Such a reserve bank of water comes in handy when the State cuts deliveries because of a low snowpack in the Sierras, where all that water originates.

The Coastal Commission has played a large role in Los Osos’ water situation having declared it would not approve any coastal development permits issued by the County if it means adding to the water demand and in turn the overdraft situation.

That decree has effectively placed a moratorium on CDP permits based on the water supply. This after the town fought over a sewer moratorium for over 30 years before the County finally got it built in 2016.

It remains to be seen if the commission will support this project to supplement the Los Osos water supply or if they will condition it to prevent growth in the community, which the halt on CDPs has effectively done. For now, they’re out of it.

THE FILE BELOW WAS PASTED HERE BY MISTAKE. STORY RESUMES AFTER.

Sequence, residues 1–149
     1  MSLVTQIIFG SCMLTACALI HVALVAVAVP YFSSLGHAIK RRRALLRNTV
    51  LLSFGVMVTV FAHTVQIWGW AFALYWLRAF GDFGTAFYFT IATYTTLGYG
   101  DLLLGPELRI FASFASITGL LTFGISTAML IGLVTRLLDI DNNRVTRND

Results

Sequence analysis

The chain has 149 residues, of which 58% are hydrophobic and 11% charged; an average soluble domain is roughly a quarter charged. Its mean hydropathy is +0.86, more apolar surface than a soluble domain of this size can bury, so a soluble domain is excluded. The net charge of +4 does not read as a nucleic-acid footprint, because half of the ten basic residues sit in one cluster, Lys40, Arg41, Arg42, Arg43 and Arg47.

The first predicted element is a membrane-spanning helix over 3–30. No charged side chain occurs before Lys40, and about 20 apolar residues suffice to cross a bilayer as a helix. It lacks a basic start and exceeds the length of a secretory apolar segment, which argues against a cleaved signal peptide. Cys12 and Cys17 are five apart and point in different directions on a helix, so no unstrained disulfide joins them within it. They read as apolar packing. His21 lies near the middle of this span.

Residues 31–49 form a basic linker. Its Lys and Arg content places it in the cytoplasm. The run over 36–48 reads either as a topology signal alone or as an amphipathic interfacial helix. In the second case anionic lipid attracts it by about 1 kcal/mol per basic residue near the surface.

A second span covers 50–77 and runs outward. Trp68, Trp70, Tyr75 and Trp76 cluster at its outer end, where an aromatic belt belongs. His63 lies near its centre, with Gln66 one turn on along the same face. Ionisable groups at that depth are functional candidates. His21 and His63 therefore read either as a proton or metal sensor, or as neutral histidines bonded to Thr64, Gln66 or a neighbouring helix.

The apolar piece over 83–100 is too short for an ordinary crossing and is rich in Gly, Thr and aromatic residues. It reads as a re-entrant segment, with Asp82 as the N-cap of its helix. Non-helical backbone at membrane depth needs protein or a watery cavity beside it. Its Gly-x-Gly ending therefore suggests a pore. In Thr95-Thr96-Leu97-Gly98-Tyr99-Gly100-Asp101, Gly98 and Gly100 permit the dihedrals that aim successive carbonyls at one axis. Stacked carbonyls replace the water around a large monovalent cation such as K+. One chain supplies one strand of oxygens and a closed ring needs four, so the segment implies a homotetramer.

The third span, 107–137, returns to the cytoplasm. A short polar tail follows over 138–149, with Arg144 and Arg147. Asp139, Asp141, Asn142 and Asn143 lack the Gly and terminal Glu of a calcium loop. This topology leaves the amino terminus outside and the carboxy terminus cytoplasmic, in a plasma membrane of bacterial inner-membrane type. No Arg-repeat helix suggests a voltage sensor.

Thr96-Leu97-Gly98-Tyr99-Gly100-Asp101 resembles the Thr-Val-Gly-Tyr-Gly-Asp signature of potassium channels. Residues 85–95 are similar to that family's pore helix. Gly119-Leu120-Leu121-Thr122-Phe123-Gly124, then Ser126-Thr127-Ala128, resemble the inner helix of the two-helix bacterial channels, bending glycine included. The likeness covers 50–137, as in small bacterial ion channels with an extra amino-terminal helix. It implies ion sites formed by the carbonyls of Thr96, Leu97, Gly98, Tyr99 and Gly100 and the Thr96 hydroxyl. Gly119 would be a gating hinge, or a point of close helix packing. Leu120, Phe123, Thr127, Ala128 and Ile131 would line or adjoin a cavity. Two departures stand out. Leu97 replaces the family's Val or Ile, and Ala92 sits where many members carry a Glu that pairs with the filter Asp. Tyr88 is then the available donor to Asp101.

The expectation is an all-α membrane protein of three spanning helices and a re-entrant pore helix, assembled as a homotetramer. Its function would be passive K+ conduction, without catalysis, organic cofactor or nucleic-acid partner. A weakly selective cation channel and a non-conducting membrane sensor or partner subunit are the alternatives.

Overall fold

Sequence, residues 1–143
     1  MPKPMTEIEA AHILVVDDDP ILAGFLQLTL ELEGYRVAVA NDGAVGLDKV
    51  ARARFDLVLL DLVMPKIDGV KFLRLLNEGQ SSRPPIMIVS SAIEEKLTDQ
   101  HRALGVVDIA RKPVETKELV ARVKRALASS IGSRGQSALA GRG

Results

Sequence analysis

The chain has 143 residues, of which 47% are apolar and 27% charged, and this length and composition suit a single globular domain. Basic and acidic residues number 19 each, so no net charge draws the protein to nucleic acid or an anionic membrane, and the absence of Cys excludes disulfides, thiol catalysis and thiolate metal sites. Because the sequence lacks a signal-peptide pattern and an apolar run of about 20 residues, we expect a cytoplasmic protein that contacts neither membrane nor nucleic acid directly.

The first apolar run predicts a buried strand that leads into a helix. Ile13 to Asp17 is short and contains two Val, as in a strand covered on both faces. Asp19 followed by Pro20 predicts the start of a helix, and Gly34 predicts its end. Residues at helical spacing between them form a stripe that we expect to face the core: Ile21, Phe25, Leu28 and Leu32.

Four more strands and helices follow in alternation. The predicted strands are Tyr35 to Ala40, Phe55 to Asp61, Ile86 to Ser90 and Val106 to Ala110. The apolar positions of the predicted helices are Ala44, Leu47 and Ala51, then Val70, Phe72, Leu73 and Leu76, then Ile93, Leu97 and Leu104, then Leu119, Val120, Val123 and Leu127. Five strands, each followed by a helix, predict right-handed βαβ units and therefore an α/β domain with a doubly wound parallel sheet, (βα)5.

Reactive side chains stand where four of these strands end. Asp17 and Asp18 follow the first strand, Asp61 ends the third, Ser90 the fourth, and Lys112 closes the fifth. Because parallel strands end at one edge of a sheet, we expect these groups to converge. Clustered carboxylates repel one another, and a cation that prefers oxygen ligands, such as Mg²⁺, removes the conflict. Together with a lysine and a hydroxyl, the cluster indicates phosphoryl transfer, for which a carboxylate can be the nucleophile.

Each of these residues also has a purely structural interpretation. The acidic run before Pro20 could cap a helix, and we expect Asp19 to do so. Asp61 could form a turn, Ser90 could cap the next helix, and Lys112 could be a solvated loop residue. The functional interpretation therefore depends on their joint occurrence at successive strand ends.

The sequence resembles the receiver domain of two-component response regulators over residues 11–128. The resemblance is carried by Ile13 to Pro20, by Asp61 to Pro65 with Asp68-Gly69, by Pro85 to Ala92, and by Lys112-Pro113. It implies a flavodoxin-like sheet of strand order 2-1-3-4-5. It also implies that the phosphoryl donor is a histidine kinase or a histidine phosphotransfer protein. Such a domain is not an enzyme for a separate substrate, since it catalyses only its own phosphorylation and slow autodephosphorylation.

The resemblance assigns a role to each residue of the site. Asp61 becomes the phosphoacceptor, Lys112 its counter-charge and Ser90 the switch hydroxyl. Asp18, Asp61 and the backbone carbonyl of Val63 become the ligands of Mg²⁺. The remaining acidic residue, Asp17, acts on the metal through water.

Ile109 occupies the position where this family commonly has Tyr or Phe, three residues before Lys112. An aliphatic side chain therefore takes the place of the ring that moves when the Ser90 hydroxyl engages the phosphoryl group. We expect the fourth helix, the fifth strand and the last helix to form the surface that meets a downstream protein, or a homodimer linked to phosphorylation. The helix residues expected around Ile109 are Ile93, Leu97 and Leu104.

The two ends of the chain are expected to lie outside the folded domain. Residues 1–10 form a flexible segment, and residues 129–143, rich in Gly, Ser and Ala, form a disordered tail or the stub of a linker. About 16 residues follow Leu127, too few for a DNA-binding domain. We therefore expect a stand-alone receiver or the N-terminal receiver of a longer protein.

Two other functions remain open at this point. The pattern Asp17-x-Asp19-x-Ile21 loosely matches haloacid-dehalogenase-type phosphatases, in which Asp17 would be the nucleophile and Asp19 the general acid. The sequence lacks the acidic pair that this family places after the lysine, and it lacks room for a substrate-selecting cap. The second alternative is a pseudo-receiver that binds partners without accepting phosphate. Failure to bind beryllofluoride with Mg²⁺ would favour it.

“The neg-dec,” Munds said, “isn’t appealable to the Coastal Commission but the project will need a Coastal Development Permit from the County and Morro Bay. Those permits would be appealable to the Coastal Commission.”

The LOCSD also doesn’t need permission from its customers to proceed. Asked if the project would need a Prop. 218 — the Right to Vote on Taxes Act — vote, Munds said it didn’t.

“A Prop 218 vote,” Munds said, “is not required since the project will be paid by rates and charges, grants and possible low interest loans.”

And the price at this point seems almost like a bargain. “The preliminary engineering cost estimate is approximately $8 million dollars,” Munds said. “This would be shared with the other water purveyors who have expressed interest in the project.